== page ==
Sunday, December 2, 2012

One more thing worth making explicit

I'm not a philosopher at all. I'm a social scientist. Spend a lot of time (even leisure time - how sick is that?) thinking about the way humans behave. But I don't think about it the way philosophers think about it.

But there's overlap, of course. As a citizen and a social scientist I'm going to be interested in things that people who are citizens and philosophers are interested in, like democracy. As a guy that thinks a lot and a social scientist I'm going to be interested in things that people who think a lot and are philosophers are interested in, like the way humans assess and collect knowledge about the world around them.

But we'll often think about it in very different ways. And that's OK - neither side "owns" these sorts of issues. But I won't always live up to the expectations of people who want it laid out philosophically. I'm generally unequipped to do that. I am not an imbecile, though, and am vaguely familiar with enough philosophy to know that there are some well regarded guys I think basically have it right and I prefer them to other well regarded guys.

If you want a strictly philosophical answer to a question that concerns humans very broadly, you're best off asking a philosopher that broadly agrees with me but is trained to talk about it like a philsopher talks about it. I'm happy to give it a shot, it just may be embarassing for me (and if it's really bad - maybe even for you, as in "why am I even reading this nut").


  1. Daniel,

    A few weeks ago you didn't like what I had to say about T. Jefferson.

    Delong has now picked up my POV


    Contrary to Mr. Wiencek’s depiction, Jefferson was always deeply committed to slavery, and even more deeply hostile to the welfare of blacks, slave or free. His proslavery views were shaped not only by money and status but also by his deeply racist views, which he tried to justify through pseudoscience.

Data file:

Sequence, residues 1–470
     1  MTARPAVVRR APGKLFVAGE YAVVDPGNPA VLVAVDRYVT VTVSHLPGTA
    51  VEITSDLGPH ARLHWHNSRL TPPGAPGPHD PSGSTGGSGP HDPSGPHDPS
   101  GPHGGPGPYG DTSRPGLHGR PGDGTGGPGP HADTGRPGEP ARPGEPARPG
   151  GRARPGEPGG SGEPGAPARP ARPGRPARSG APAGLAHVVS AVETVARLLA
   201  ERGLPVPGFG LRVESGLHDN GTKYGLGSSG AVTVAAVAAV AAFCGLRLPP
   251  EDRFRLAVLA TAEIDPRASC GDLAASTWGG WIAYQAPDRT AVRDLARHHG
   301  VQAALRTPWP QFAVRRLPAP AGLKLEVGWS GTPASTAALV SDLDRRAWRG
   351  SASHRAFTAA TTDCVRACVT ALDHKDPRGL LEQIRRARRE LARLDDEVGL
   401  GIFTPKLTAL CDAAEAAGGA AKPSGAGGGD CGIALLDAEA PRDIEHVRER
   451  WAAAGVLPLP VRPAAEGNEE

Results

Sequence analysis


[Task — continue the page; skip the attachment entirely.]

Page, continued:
In 1820 Jefferson was shocked by the heated arguments over slavery during the debate over the Missouri Compromise. He believed that by opposing the spread of slavery in the West, the children of the revolution were about to “perpetrate” an “act of suicide on themselves, and of treason against the hopes of the world.”

    If there was “treason against the hopes of the world,” it was perpetrated by the founding generation, which failed to place the nation on the road to liberty for all. No one bore a greater responsibility for that failure than the master of Monticello.

    1. I hope I never told you that Jefferson was opposed to slavery. I don't think I did.

      That was a great article - read it earlier today myself.

      I'm not too sure about your last sentence. That seems unnecessary strenuous for a guy that wanted a line about the problem of slavery in the Declaration and wasn't even there for the Constitution (yes, I know, he had contacts etc.)

    2. btw - this is not a post about Jefferson. Let's save any more conversation on this for the next time I talk about Jefferson.


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